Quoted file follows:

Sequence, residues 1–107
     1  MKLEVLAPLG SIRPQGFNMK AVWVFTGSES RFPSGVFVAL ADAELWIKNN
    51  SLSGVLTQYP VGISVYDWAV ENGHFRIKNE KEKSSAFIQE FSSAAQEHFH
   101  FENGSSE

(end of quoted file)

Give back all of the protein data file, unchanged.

Sequence, residues 1–107
     1  MKLEVLAPLG SIRPQGFNMK AVWVFTGSES RFPSGVFVAL ADAELWIKNN
    51  SLSGVLTQYP VGISVYDWAV ENGHFRIKNE KEKSSAFIQE FSSAAQEHFH
   101  FENGSSE